The First Word: Arch of Triumph
“[The Arch] is a soaring curve in the sky that links the rich heritage of yesterday with the richer future of tomorrow.”
– Vice President Hubert Humphrey at the opening of the Gateway Arch in St. Louis.
The day was hot and humid and late in the afternoon the skies darkened and you could not see the Arch from the hotel window. By 6 p.m. the tornado alarm siren went off and we left the cocktail room and moved into the inner sanctum of the hotel for safety.
I’d been drinking water but I poured myself a large glass of red wine and grabbed a slice of bread and cheese from the buffet table before following the others. I only knew of tornadoes what I’d seen on television, and I didn’t know how long we’d be sequestered.
I should have been more scared. The year before, a tornado had ripped the roof off the St. Louis airport, but I was surrounded by Irish musicians and other promoters of Irish culture, who like myself were in St. Louis for the Comhaltas Ceoltoiri Convention, and in a weird compartment of my brain a voice said, “What a way to go?” Generations would talk about me. “She died in a tornado in St. Louis clutching a glass of wine and brown bread. There was a smile on her face and Irish music playing.”
They’d tell the story of how I’d gone up on the Arch earlier that day, conquering my fear of heights and enclosed spaces. How I’d used my Irish America card to get to the head of the line, dropping Kevin Roche’s name all over the place. How I’d stumbled back to the hotel afterwards, weak at the knees and in need of a large gin and tonic to right myself.
The tornado passed and I thanked God I hadn’t been up on the Arch when the storm hit. I barely made it down when the rain started. But let me tell you why I went up on the Arch in the first place.
I did it for bragging rights, and to impress its architect, Kevin Roche, which I did by e-mail:
“Dear Kevin: I’m just back from St. Louis where I survived a tornado and a trip up the Arch. I was never so scared in all my life – and I don’t mean the tornado!”
To which I got an immediate e-mail response:
“Dear Patricia, Great to hear from you. Sorry about the Arch. It is scary. But imagine going up on the outside!!! I did when it was under construction!!! Talk about being scared.”
And so, here’s the point to my little tale. The tallest man-made monument in the United States was created by an Irish architect. And humor aside, the Gateway Arch, which symbolizes the great western expansion of the United States, speaks to me of the Irish role in that expansion and in building this nation’s infrastructure.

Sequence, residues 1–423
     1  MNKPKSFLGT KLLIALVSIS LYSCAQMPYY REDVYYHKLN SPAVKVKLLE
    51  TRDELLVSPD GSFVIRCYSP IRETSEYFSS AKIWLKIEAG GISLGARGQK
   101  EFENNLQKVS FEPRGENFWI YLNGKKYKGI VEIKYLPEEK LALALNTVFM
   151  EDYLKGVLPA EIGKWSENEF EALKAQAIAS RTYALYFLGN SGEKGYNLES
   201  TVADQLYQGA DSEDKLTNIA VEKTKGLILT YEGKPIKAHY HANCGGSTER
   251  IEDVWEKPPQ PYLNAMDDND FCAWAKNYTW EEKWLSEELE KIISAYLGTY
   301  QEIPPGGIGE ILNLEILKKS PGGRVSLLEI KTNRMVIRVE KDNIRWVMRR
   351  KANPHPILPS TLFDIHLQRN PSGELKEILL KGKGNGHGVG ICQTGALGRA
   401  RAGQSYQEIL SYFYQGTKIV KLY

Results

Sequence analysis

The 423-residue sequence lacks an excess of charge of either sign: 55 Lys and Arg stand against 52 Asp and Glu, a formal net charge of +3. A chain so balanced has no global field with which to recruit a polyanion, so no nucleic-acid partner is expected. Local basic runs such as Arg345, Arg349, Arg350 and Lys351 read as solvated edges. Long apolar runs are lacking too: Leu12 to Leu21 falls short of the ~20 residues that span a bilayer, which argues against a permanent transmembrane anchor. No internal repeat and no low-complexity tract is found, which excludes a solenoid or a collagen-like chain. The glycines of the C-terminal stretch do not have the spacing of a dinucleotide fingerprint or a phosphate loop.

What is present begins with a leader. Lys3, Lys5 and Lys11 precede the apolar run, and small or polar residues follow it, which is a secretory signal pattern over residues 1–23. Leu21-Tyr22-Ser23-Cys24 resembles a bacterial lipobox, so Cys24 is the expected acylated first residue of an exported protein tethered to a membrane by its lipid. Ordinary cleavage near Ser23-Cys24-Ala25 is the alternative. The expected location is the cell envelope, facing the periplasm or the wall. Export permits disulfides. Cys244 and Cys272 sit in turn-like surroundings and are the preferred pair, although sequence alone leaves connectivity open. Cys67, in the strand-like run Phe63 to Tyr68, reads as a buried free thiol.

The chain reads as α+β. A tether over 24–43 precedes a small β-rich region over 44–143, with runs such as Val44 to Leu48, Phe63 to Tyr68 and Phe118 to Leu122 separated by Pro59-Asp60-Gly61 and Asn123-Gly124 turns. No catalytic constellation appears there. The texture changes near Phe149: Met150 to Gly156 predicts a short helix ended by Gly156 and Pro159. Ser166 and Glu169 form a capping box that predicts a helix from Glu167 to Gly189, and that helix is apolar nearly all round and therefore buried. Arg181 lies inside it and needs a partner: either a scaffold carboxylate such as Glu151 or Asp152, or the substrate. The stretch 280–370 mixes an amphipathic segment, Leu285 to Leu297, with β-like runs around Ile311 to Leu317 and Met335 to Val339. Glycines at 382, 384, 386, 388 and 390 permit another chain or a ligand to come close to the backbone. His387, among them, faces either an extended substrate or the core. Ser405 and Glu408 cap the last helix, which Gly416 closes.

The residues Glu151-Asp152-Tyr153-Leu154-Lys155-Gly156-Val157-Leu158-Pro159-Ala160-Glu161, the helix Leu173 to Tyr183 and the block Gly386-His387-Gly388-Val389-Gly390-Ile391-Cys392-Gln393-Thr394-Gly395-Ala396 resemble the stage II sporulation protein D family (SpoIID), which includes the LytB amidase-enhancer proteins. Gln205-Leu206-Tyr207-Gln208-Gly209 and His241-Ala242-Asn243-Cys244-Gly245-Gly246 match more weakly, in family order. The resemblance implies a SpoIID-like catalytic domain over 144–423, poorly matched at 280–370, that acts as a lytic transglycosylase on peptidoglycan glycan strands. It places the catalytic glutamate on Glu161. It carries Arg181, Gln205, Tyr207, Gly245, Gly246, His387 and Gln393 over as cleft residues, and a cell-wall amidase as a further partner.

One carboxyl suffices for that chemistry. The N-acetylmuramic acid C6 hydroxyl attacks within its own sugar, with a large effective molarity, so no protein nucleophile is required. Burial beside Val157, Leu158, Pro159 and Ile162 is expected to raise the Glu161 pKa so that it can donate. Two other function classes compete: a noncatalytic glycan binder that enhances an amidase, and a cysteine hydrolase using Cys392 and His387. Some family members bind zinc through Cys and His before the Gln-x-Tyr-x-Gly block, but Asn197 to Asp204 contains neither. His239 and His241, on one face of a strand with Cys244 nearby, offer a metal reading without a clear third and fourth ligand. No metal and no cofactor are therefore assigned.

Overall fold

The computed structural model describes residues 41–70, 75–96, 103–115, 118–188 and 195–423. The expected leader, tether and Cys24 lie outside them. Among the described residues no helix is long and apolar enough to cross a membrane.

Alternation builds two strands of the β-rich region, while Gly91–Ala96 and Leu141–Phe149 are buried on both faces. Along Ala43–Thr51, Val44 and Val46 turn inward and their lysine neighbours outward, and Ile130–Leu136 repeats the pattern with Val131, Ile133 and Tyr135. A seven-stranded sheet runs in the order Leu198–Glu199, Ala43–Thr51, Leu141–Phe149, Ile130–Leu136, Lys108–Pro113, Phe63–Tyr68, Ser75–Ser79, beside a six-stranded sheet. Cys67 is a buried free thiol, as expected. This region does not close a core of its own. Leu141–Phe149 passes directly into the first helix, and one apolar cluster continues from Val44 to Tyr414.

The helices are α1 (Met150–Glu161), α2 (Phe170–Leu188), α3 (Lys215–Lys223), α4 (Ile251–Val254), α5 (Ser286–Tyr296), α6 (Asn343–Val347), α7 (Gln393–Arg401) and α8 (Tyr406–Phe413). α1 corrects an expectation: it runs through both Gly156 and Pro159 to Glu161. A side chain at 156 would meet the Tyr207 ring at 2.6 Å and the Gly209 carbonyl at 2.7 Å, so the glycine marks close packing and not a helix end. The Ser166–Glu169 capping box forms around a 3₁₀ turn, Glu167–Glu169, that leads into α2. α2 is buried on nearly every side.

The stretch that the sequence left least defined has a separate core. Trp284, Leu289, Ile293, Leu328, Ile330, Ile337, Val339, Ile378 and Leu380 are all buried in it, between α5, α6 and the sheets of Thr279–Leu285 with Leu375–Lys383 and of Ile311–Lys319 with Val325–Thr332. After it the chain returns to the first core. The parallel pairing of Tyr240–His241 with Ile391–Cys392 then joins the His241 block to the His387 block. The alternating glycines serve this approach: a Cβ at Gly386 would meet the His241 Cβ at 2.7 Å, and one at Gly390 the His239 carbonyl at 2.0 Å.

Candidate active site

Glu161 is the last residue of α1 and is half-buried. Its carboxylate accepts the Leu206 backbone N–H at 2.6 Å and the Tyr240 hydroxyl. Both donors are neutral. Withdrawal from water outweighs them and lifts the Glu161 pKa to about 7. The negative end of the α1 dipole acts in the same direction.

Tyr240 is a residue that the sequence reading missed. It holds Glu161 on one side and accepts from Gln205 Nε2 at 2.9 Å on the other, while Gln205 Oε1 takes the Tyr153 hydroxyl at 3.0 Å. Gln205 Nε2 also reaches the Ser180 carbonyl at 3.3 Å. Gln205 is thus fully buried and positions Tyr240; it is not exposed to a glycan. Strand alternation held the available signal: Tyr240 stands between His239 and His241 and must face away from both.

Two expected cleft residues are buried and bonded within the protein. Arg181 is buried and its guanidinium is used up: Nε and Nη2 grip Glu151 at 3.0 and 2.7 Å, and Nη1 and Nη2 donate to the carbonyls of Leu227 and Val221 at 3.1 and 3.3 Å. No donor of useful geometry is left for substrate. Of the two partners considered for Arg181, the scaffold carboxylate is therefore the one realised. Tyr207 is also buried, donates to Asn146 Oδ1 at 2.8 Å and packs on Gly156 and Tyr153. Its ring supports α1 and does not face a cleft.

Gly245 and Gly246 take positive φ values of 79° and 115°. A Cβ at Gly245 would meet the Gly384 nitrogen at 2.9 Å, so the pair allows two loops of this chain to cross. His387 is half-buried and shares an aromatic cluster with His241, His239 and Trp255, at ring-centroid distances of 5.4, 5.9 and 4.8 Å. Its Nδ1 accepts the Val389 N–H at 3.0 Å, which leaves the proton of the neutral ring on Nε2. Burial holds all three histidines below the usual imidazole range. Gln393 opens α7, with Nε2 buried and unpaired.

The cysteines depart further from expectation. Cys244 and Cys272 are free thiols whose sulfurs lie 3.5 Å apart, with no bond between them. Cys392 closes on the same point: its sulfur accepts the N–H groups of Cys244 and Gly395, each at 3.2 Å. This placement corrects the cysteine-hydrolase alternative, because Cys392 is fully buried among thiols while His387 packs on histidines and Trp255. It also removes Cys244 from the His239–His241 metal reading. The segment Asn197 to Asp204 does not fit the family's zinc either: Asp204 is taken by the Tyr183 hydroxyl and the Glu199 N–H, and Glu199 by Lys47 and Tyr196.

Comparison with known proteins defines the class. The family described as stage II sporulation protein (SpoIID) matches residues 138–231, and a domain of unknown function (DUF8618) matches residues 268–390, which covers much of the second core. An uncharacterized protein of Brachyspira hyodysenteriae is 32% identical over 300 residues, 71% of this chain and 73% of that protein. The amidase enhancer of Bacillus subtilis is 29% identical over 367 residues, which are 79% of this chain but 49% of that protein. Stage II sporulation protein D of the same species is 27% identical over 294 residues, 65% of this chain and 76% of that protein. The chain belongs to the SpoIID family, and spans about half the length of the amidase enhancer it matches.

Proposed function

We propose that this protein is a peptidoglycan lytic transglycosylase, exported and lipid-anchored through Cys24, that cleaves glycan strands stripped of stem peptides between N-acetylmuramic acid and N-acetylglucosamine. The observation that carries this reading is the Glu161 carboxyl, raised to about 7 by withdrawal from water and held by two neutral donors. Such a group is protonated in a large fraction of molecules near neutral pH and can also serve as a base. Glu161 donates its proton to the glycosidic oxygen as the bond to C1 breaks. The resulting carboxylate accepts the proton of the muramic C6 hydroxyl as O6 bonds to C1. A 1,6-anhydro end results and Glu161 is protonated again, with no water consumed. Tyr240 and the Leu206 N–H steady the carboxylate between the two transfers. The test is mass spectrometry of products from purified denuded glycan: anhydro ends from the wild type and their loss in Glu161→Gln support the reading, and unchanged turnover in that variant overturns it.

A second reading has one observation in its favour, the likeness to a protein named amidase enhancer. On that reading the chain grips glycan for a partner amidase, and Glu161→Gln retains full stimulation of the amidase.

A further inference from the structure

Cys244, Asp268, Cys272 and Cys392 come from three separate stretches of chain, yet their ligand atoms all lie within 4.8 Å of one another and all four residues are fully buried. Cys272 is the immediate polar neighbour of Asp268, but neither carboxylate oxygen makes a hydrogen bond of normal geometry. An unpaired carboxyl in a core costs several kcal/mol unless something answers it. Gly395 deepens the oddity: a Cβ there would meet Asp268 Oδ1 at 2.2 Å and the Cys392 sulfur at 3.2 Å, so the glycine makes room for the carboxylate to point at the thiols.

All across the country, canals, railroads, and bridges stand in testament to the work of Irish immigrants. The very first skyscraper was built by Louis Sullivan, the son of an Irish immigrant.
How many young immigrants from small farms in Ireland worked on the Empire State Building and on the Twin Towers? How many of them were afraid of heights but needed the job?
As I stood under the Arch, taking in its full height of 630 feet, I heard my mother’s voice in my head. “Screw your courage to the sticking place,” she said, quoting Lady Macbeth. (Mother often quoted Shakespeare – she only had to say, “Out, damned spot, out I say,” and Spot, our old black and white terrier, would hang her head and leave the kitchen.) As I stood there, I thought of my brothers, barely out of their teens who went hundreds of feet underground to build the water tunnels in New York. And I thought of all the young men who had to conquer their fear every time they went up in a cage on the outside of a skyscraper or down into a hole in the ground. Surely, I could go up on the Arch just one time as a kind of salute to their courage.
Later, as I waited out the tornado surrounded by Irish Americans and Irish music in a hotel on the banks of the Mississippi, I thought about how Irish immigrants brought their music with them wherever they went – to bars in the Bronx when they finished their shift in the tunnels, to mining camps in Nevada, and to Alaska where in the ’70s my brothers and others like them helped build the pipeline and foremen would vie to have Joe “Banjo” Burke join their camp to lift morale with his tunes.
I thought about how through the ages, and all the ups and downs, our music and culture has stood by us. And how community and laughter and music can help conquer even one’s greatest fears.
On the final evening of the Comhaltas convention a young girl recited a stanza from one of my favorite poems “We Are the Music-Makers.” It was written by Arthur O’Shaughnessy, born in London to Irish parents on May 14, 1844. I don’t know if the poet intended it as a reflection on Irishness, but to me it says a lot about who we are and what we have been through, and it still rings true today.
We are the music-makers,
And we are the dreamers of dreams,
Wandering by lone sea-breakers,
And sitting by desolate streams.
World-losers and world-forsakers,
Upon whom the pale moon gleams;
Yet we are the movers and shakers
Of the world forever, it seems.
With wonderful deathless ditties
We build up the world’s great cities,
And out of a fabulous story
We fashion an empire’s glory:
One man with a dream, at pleasure,
Shall go forth and conquer a crown;
And three with a new song’s measure
Can trample an empire down.
We, in the ages lying
In the buried past of the earth,
Built Nineveh with our sighing,
And Babel itself with our mirth;
And o’erthrew them with prophesying
To the old of the new world’s worth;
For each age is a dream that is dying,
Or one that is coming to birth.